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Why are parentals often completely absent in SOL anime?
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Posted 9/15/13 , edited 9/15/13
So I was just kind of thinking...

Why is it that so often in slice-of-life or school-related anime...there is generally just an obscene and utter lack of parents? You can't say it's for lack of opportunities either, because very often in most any anime of the sort, there will be plenty of scenes where they will be at any number of the characters house and the parents will just never be there. What's stranger is that you might often see teachers, or other school related adults but it seems the show will go out of their way to not identify parents.

Sometimes they will throw in a small bit somewhere stating that the parents are often "away" or something similar, for example Yui Hirasawa's parents from K-ON apparently liked to travel all the time. As reasonable, I suppose, as that sounds, it generally begs so many questions. Her and her sister Ui are basically raising themselves if what we see in the show is any indication.

I was only using K-ON as an example, but it is just one single example in a sea of anime where the parents just simply don't exist. It isn't the case with all anime, obviously, but I feel as though it is blatantly common among the slice-of-life genre that you pretty much never see parents, even when an exorbitant amount of time is spent at any of the characters homes.

Even stranger, is sometimes you will see parents, but the show goes out of its way to hide their face or maybe even their entire upper body, or maybe even only the ankle up! I was generally surprised when in one of the latest episodes of Monogatari (non-manga reader) you see Araragi's mother for the first time. Generally at any other point in the show, she is non-existent despite a lot of scenes (long ones at that) taking place in their home. The characters even have plenty of dialogue that refers to their parents as having done this or that, or currently busy doing this or that.

I know that Japanese children aren't raised home-alone, this can't be some kind of exemplification of their child-raising culture, so I'm just curious what you guys think...why is it that much of modern anime these days seem to passively elicit this idea that parents seem to not exist, even if they might be mentioned by the characters. Why do parents either get blurred out, cut off, or just plain eclipsed from any screen time?
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Posted 9/15/13
They don't have to create character designs for characters that would only show up in one or two episodes.
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Posted 9/15/13

staphen wrote:

They don't have to create character designs for characters that would only show up in one or two episodes.


Yet there is plenty of anime that will show the parents despite the fact they may only show up in one or two episodes...Monogatari is a pretty good example and I even talked about it.

Truth be told in the other example I gave, Yui's parents do have a design. They are shown very briefly but they completely neglect to draw their faces in.

It would seem your reasoning is flawed.
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Posted 9/15/13
It's not flawed. It depends on the studio and the budget for the show. Don't tell me you believe that designing and drawing a face doesn't cost any time or money. And the fact that a few shows do create character designs for one-shot characters does not make the point any less valid.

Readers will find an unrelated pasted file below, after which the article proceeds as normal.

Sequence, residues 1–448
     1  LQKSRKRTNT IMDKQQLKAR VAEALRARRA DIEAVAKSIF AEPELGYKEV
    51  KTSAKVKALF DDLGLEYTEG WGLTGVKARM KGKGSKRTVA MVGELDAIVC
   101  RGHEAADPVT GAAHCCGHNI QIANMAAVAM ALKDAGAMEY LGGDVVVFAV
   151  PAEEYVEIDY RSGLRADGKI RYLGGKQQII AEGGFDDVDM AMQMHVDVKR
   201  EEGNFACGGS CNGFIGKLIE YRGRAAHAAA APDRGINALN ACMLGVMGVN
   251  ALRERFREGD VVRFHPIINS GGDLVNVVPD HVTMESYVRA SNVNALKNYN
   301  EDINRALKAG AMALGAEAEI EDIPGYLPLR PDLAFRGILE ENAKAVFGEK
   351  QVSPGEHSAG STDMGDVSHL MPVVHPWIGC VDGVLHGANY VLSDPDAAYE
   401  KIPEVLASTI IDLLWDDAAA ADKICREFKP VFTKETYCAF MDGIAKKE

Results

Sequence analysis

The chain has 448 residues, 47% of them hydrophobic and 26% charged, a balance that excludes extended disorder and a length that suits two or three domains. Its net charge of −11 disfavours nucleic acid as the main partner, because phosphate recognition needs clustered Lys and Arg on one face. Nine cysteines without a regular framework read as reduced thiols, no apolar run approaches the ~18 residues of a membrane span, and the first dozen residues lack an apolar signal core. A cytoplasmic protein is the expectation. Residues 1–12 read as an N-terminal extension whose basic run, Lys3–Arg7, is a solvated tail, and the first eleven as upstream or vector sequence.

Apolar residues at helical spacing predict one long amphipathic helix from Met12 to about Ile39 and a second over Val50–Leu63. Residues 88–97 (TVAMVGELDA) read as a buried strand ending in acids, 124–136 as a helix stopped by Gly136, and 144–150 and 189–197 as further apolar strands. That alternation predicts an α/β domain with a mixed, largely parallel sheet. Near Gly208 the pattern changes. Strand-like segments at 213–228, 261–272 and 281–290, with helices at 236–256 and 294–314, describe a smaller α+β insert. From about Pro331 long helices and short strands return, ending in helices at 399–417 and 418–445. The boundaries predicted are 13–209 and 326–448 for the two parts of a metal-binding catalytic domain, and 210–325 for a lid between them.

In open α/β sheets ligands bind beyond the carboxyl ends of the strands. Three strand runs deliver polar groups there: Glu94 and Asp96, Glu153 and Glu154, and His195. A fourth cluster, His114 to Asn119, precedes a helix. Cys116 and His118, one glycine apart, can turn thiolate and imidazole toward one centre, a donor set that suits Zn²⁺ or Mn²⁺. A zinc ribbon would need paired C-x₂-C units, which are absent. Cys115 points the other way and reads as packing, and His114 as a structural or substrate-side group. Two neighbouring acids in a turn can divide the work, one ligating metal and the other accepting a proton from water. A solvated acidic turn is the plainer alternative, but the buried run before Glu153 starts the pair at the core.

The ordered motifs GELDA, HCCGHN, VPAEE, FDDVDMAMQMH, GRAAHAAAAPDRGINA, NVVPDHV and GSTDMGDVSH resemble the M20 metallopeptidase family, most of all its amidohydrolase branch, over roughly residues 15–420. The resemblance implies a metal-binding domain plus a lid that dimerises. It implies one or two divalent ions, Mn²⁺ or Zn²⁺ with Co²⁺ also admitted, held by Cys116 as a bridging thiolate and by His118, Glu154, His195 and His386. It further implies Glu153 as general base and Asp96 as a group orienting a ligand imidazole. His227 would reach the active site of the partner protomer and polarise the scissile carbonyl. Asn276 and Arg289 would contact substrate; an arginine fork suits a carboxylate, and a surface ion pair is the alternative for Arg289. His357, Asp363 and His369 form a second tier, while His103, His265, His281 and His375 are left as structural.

That being said, I don't have any data to back up this theory. It's just speculation.
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Posted 9/15/13
I'm of the mind that this allows the viewers to better relate or "self-insert" themselves into an Anime Characters shoes.

The idea is everybody HAS parents, but everybodys parents are different. The easiest way to self insert someone is to obviously remove the majority of character traits, and your parents are super important!

Think about it, how important have your parents been towards shaping your life? Many Slice of LIfe anime like to act as if you don't become a person until High School, how until you make these friend you're a dull brick of grey sludge.

American Cartoons aren't exactly exempt from this, as it can serve a purpose.

Think Fairly odd Parents. The names of the Mom and Dad? Mom and Dad. While they were crazy and eccentric, they exemplify the generic parents in every way, with there personalities and ideals tending to shift greatly between episodes. They served the narrative. Timmy was supposed to be both relatable, and a "self insert" character. He was awesome and it wasn't hard to imagine yourself as Timmy.
That was this self insert thing done right.

Back to the Japanese Anime.

What strikes you as different with Characters whose parents are shown? I tend to find them far more relatable and with much more realized characters.
Think Tomoko from Watamote, how as crazy and essentric as she is, her Brother is only a little different. She's got a relatively normal family thing going on, and is quite relatable. She's a product of her interests, instead of a product of our interests/wallets

Then I'll throw down the parents from the early Mobile Suit Gundam and Mobile Suit Zeta Gundam.

Amuro Ray and Kamille Bidan both had parents. They have names and were visible on screen, they had spoken lines and personalities. From Tem Ray's scientific mind and eventual mental retardation, to Kamaria Ray's pacifism and distrust of violence.

Then you have the Bidan families staunch loyalty to their Jobs and sexy party time with mistresses and...stuff.

The Parents made the characters far more...real. But for the negative, far less me.
I like them, but I don't relate very well to them.
My parents arn't like them. They're totally different. Knowing this, I see these stories as those not my own. I don't relate with them. They're separate characters who would have turned out differently if they knew my own parents.

Lots of random blegh I'm typing here, but I hope you get the jist of my ideas.
Parents tend to complicate things, they really do shape who and what you are to a fantastic degree, more so than anything else in your life.
That said, they're not required for the later sections of your life. You'll meet plenty of people in your life and never meet their parents.


Gurren Lagann never has you meet Simon or Kamina's parents.